Through the increased attention match-fixing has received from both academia and policymakers in recent years, its complexity and the consequent inability to identify a one-fits-all description of the phenomenon have been underlined, highlighting that we have yet to fully capture the various forms of its manifestation in modern day sport. At the same time, and despite academic endeavours, the scholarly work on policy responses against match-fixing is remarkably scarce. In addressing these gaps, this study aims to examine two high-profile match-fixing cases in Greece and Turkey, the ‘Koriopolis’ and the ‘Şike Davası’ scandals, respectively, while considering the policy responses of UEFA, through the analysis of its normative framework and the way in which it was implemented in the two cases. This comparative study offers details of the social organisation of the two scandals, highlighting the various actors, structures and processes within them, as well as the UEFA policy responses they were met with. What is underlined through the study is not only the key role of individuals embedded in the football ecosystem but also the potentially adverse effects of adopting the ‘organised crime’ narrative in both official and media accounts, preventing us from truly capturing the phenomenon and policymakers from responding to it. Simultaneously, this study highlights that despite its existing detailed and thorough normative framework, UEFA’s inconsistency in its implementation in the two cases sends a mixed message about tolerating match-fixing, while inviting much needed further research on the matter.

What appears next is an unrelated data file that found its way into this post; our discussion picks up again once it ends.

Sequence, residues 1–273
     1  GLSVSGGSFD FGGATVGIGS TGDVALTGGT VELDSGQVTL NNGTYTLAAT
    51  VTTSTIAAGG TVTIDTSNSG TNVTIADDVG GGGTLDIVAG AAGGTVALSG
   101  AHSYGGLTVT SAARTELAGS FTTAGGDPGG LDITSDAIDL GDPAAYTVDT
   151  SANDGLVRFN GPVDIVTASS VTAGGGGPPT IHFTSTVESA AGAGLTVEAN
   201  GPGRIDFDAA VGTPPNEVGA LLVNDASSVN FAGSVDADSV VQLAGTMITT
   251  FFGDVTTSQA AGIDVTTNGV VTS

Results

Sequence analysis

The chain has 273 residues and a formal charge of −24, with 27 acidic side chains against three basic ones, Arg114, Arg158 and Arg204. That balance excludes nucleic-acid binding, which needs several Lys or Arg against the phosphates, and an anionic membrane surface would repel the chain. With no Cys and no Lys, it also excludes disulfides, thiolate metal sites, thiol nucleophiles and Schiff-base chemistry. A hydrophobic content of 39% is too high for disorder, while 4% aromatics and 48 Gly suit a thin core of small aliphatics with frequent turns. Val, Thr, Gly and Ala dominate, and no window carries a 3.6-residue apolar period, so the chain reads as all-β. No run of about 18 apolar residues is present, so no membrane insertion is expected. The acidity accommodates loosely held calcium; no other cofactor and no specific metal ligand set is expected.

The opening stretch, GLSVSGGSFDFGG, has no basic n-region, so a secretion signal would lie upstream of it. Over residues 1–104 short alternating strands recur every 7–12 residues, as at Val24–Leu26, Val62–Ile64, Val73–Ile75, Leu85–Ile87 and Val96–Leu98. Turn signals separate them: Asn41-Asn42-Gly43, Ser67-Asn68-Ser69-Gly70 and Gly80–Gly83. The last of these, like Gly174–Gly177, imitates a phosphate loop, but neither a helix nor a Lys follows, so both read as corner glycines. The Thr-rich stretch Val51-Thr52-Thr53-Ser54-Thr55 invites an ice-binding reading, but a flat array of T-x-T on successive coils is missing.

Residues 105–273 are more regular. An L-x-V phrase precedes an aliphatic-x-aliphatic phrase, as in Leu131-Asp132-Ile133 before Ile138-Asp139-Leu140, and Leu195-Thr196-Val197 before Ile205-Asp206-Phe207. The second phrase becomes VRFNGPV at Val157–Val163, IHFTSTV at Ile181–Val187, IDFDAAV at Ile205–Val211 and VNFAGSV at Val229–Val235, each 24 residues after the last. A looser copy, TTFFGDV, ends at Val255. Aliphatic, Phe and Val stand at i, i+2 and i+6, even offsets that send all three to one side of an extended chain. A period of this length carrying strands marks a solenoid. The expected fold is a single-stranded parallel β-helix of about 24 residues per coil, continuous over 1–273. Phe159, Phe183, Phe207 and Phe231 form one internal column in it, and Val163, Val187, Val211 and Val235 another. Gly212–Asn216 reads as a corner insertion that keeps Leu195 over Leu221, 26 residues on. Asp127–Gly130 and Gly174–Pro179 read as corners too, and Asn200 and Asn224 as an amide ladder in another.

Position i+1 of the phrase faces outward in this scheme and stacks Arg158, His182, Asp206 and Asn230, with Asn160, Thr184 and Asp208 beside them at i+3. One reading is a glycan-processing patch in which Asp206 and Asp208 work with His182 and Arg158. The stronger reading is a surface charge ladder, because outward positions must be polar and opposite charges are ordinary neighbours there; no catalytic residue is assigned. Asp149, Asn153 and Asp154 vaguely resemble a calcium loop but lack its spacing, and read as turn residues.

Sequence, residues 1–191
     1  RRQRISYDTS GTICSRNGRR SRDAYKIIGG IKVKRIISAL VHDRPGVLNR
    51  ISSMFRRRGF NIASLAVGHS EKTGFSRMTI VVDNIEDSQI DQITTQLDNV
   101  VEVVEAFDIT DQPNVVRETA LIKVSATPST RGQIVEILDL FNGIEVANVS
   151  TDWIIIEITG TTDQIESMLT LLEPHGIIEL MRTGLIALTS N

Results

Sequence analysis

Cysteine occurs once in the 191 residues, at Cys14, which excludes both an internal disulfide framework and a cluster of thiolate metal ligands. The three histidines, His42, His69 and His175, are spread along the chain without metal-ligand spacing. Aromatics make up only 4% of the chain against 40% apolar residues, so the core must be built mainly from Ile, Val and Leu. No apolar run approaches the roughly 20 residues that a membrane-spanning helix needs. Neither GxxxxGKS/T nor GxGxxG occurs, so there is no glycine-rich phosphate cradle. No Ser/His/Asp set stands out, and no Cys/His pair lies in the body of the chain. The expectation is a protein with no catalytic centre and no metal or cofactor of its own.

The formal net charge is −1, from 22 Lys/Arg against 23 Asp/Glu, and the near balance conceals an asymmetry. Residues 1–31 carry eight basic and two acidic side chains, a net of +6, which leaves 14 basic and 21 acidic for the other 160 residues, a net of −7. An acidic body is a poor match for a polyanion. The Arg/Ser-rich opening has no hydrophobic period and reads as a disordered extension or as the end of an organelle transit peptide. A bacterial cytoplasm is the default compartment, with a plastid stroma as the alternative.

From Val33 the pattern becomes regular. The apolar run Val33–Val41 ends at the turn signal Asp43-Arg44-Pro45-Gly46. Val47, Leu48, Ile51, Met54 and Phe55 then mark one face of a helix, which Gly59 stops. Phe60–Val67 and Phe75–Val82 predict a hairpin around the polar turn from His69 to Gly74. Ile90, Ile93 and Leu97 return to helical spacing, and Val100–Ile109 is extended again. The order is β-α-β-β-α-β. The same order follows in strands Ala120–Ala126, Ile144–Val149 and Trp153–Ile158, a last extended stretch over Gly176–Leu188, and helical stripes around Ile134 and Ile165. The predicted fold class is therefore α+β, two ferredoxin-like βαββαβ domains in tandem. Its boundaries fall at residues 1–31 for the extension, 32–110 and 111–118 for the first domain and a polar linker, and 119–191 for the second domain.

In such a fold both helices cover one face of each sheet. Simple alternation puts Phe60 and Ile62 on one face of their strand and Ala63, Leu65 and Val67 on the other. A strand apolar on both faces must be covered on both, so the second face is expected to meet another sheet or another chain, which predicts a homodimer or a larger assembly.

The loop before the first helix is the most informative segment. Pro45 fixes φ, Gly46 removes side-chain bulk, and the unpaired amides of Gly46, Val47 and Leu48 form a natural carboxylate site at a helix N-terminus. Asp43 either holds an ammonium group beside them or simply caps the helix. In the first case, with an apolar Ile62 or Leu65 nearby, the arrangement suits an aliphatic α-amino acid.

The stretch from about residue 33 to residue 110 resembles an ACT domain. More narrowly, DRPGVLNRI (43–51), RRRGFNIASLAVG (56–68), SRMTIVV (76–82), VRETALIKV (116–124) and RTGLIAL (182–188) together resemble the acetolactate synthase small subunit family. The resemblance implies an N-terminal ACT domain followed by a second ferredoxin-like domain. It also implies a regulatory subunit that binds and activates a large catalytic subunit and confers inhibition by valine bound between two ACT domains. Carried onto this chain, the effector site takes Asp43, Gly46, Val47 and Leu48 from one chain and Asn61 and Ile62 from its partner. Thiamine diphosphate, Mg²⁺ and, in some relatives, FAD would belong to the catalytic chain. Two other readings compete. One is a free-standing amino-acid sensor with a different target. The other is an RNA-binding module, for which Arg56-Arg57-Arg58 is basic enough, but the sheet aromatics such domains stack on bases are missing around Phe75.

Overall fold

|International Journal of Sport Policy and Politics
|Published - 10 Feb 2021